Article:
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Then of course was the T6 when Kermit was landing the P-51C. Now T6’s are rather common, they are inexpensive and easy to get parts for still. However, there are some really nice looking T6’s and then there are some not so nice looking ones. This one is definitely a very nice looking plane. One of the best parts of the flight was having KT in the back while Syd was piloting so that both seats were full. That’s cool to see because the plane is a trainer and normally would have two people in it.

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As you might have noticed I do like the speed look.

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Finally we are down to the Duck. Wasn’t really sure how this one would be photographing because it looks bulky. Not big just bulky. Now obviously it’s a float plane and that extra boat like fuselage is what makes it look bulky, so in the air it makes you wonder how it can fly. Then again when you see it land on the water it becomes this awesome looking plane.

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It’s pretty sweet. Challenging though, the Duck is slowing down and we can’t slow down to much or the plane will stall, so getting the shot becomes very tricky requiring perfect timing. In the end it all worked out well and everyone got the shot. Now you might be wondering what else is there could top that first flight, well you’re just going to have to wait.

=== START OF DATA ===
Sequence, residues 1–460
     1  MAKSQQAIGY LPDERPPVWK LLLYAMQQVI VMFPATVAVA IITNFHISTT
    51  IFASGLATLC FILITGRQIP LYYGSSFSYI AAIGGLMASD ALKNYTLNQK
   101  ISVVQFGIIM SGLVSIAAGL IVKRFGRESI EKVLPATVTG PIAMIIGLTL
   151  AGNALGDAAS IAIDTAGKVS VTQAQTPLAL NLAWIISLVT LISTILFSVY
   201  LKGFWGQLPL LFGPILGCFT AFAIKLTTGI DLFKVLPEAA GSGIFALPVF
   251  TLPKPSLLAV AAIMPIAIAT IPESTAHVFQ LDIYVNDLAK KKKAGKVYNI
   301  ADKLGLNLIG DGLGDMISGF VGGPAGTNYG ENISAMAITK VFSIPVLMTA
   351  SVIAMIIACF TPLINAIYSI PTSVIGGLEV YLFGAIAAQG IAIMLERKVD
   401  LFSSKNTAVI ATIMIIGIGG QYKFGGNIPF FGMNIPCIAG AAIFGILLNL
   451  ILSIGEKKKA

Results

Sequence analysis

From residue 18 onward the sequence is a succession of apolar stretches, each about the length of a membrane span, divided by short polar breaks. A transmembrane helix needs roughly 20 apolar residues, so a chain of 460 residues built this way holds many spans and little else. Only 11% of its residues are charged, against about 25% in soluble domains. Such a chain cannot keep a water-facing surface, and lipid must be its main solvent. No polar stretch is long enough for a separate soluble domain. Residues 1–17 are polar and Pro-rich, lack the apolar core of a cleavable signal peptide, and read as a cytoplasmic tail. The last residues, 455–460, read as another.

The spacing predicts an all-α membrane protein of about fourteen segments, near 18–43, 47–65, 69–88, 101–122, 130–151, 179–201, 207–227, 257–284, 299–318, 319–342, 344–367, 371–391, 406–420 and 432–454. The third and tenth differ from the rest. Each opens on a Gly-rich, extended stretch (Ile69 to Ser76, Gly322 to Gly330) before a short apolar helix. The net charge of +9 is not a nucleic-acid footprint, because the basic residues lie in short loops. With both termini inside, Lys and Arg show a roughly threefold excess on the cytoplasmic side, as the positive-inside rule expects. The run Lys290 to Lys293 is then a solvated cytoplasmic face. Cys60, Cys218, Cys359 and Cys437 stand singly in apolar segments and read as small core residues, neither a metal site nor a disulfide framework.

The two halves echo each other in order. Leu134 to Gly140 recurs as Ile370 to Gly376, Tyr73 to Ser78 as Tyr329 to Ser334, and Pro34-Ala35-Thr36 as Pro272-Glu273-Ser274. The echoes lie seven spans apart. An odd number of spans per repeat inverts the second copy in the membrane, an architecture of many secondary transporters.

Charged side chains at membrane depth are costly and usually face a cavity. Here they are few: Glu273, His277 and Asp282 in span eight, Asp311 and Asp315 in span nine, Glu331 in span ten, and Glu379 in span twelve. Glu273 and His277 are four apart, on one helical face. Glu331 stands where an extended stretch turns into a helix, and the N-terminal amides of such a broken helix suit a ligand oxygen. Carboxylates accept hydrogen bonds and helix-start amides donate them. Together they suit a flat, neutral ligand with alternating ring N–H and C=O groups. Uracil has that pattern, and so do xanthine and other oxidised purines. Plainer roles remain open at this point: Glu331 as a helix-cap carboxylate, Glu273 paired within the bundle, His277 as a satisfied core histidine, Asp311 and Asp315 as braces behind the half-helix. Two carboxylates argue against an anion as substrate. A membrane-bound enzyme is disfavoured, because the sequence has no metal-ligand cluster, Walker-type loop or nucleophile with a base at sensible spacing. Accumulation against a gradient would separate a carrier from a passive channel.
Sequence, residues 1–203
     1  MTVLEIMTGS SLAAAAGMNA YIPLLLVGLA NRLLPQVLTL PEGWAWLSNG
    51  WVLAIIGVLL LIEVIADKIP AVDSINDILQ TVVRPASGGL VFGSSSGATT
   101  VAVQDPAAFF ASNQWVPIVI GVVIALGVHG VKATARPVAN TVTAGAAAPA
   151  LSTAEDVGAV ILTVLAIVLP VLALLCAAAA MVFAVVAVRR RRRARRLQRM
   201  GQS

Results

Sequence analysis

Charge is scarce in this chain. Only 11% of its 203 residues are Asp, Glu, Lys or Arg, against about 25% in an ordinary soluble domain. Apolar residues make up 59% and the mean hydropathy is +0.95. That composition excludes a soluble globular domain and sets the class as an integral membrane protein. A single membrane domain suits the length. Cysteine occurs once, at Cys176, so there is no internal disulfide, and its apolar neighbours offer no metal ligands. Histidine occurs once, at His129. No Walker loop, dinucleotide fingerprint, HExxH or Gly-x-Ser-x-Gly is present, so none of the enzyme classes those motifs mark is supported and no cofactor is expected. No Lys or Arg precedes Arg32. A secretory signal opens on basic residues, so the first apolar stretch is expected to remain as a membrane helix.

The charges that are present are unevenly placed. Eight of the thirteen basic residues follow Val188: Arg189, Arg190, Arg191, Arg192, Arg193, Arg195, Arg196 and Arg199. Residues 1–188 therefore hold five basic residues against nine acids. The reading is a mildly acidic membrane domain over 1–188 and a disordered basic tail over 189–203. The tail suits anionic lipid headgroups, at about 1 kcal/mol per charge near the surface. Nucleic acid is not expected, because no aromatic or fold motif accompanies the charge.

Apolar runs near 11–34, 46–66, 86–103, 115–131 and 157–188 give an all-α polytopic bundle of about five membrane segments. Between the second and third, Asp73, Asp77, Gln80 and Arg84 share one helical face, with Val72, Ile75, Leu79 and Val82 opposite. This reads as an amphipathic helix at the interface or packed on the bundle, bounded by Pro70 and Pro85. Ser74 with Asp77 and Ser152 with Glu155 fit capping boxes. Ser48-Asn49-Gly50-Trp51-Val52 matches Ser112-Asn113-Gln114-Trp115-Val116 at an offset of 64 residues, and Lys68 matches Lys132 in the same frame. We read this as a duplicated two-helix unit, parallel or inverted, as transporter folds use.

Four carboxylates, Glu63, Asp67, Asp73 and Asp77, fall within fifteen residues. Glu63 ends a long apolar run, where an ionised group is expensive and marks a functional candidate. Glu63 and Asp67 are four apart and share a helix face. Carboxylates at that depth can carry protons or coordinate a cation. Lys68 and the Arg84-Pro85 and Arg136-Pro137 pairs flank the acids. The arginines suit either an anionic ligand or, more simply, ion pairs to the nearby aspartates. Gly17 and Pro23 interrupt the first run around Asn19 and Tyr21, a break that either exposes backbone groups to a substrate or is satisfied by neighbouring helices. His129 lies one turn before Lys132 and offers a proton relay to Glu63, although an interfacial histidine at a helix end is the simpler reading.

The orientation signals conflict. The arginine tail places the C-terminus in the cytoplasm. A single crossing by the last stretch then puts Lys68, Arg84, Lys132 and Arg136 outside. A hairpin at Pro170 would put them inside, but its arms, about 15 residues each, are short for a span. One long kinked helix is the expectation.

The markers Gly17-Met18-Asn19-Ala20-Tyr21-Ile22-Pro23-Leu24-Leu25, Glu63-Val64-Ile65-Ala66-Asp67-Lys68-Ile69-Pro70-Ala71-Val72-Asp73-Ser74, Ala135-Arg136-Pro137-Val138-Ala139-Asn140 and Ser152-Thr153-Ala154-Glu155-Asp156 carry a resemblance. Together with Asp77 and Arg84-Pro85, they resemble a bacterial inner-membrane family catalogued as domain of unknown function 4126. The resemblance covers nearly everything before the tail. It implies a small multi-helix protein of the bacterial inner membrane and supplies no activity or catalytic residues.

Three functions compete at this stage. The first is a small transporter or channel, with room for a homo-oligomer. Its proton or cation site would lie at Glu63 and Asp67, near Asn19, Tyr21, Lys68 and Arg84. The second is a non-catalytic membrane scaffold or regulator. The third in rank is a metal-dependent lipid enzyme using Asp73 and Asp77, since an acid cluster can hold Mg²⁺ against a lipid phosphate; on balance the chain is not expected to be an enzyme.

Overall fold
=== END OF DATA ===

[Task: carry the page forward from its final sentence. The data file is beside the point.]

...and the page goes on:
Images captured with Nikon D3, AF-S 70-200 VRII, on Lexar UDMA Digital Film

The Birds of Fantasy of Flight

I am a little behind in blogging again which isn’t abnormal when times get busy. This past weekend was a very busy time with very little sleep. As some of you might know from my Dad’s site, last weekend we were in Florida with another adventure in the new series of Air to Air workshops. This time we were at the fabulous Fantasy of Flight like we were for Precon this past April. Fantasy of Flight has some truly spectacular aircraft, all of which has its own unique history. Now the guy who owns Fantasy of Flight is Kermit Weeks who has in his collection over 160 aircraft, that’s a few stories! We were lucky and got to work with some really cool planes including the one up above the Shorts Sunderland. This plane usually never comes out of the hanger, thankfully there was an event that weekend and it had to come out for space. This plane used to fly but unfortunately it hasn’t been flown in some time making it in need of repairs now. It’s still a great plane, massive but great!